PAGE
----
Time to Drop Runaway Boyfriend
Q: My 35-year-old boyfriend and I have been living together for 11 years, though the last two have been rocky. He has a pattern of losing a job and moving back with his parents, and then I would pursue him and he'd eventually move back. This last time I told him if he wanted to move back with me, then he had to stop with the back and forth to his parents. He assured me he cut ties with them and was never allowed back there. In the next two months with me, he lost two more jobs. Once again, he packed and went back to his parents while I was at work.
I asked him to come home, and he ignored me. The next day he said he just needed a few days. Then he said he would be home Sunday. I haven't heard from him since nor have I contacted him. This has happened many times before.
I miss him and love him so much. It is so hard not being in contact with him. Is it best to leave him alone and wait for him to come to me? However, I wonder if I do this, will he move on? Or should I stay on him about coming home so I stay in his mind? Or will this push him away? —Ashley, 32
Dr. Susan: Your guy's habit of running home to his parents is crazy-making. It's incredible that you keep chasing him and taking him back and want more of the same. If you knew for certain that nothing would change, would you commit the next 20 or 30 years of your life to this exact same nuttiness? Maybe he's trying to change by not running back to you this time. YOU need to change too. Don't call him. Don't pursue him. Believe me, you're on his mind no matter what action you take now, but he needs to move on in his life and figure out why he keeps losing jobs and running away. You also need to move on and allow yourself time to overcome your addiction to him. He doesn't keep his word, he can't keep a job, he's totally undependable, and he's not good for you.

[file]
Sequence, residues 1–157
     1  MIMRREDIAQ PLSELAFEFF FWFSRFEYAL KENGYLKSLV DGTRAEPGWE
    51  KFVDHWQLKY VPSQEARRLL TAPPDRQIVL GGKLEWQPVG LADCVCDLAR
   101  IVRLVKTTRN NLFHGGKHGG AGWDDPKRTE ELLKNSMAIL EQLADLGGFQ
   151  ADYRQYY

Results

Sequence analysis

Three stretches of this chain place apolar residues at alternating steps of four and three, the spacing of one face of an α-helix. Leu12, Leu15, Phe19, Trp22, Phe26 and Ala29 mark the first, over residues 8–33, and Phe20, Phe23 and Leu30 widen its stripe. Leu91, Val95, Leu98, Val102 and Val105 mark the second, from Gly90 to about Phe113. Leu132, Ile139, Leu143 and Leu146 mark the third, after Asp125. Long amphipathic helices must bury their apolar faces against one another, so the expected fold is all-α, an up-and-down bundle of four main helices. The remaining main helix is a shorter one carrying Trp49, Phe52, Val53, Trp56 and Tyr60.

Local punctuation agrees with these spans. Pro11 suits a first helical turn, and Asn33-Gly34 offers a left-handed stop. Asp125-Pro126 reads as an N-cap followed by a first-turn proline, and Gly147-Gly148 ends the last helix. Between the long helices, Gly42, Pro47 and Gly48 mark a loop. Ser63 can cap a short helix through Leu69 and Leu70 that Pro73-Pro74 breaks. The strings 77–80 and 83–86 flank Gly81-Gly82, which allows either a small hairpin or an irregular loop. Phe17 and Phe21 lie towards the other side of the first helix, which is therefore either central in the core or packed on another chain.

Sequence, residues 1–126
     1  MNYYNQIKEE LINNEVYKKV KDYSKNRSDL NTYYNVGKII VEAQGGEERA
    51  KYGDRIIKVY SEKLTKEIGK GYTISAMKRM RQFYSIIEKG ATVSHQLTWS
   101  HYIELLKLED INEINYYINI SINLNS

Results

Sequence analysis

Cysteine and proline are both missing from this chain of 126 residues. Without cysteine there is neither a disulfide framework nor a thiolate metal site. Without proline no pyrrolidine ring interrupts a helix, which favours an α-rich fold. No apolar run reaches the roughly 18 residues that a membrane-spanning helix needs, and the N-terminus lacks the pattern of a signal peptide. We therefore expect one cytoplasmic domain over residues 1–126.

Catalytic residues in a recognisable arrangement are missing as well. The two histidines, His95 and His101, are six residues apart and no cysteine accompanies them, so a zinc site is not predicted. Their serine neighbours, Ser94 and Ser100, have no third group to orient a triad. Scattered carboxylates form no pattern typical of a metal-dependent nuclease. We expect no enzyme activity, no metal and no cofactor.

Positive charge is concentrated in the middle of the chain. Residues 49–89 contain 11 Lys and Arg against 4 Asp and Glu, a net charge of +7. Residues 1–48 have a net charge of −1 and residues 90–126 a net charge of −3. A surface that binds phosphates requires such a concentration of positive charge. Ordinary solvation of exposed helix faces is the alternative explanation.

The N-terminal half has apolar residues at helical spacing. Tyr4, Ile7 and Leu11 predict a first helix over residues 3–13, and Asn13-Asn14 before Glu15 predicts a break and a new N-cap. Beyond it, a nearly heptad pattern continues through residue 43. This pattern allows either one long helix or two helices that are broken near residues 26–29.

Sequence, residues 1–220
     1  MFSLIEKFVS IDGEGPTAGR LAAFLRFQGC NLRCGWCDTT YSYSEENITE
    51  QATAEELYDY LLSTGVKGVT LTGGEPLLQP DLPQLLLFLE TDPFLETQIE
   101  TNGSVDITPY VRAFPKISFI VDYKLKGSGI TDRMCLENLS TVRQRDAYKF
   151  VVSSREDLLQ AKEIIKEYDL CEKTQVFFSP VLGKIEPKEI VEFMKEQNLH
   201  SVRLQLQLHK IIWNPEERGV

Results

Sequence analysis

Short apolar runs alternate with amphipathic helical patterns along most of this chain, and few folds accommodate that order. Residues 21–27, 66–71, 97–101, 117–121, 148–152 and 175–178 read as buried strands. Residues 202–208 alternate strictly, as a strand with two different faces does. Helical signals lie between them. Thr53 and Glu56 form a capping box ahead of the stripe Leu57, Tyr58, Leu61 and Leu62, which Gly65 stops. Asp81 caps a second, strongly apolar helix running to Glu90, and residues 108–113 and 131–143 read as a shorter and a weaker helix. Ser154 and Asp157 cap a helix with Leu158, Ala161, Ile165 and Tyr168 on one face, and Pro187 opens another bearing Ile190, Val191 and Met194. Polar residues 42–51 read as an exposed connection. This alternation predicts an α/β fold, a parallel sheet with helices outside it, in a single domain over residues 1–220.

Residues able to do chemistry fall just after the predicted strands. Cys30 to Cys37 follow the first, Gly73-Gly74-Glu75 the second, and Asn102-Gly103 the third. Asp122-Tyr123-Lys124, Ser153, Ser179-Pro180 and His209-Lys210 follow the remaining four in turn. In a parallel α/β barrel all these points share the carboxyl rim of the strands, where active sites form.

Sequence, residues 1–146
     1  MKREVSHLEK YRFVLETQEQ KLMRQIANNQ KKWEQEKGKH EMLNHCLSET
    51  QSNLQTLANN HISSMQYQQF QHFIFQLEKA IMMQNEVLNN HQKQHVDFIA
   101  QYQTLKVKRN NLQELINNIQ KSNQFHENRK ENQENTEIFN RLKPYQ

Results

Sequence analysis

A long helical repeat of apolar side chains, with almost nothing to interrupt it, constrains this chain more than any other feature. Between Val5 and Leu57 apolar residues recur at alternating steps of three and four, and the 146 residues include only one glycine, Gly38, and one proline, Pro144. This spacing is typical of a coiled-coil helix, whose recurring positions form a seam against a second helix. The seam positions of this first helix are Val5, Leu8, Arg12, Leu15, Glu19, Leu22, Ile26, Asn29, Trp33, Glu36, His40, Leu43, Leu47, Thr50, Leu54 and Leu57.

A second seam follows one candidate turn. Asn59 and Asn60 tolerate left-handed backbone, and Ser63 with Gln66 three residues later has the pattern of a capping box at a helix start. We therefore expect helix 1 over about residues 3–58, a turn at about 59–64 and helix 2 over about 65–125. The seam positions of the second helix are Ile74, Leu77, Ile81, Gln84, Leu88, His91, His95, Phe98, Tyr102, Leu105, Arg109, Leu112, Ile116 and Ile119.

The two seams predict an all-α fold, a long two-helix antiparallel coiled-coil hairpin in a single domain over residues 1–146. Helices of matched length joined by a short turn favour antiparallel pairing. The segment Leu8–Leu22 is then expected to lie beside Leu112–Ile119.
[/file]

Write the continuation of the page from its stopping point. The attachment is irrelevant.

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Susan K. Perry, Ph.D.
Susan K. Perry, Ph.D., is a social psychologist, relationship expert, and bestselling and award-winning author. Her books include Loving in Flow: How the Happiest Couples Get and Stay That Way, and Kylie's Heel, a novel for adults.
Pamela G. Chollet, Ph.D.
Dr. Pamela Chollet has a Ph.D. in clinical psychology and Master degrees in educational psychology and fine arts. Her passion has been helping people face and get through those times when they feel trapped and unable to move forward.
Anna Charbonneau, Ph.D.
Anna Charbonneau, Ph.D., is a clinical psychologist, stress management expert, and author. If you're feeling overwhelmed, stressed out, or struggling to make changes in your life, Anna can help.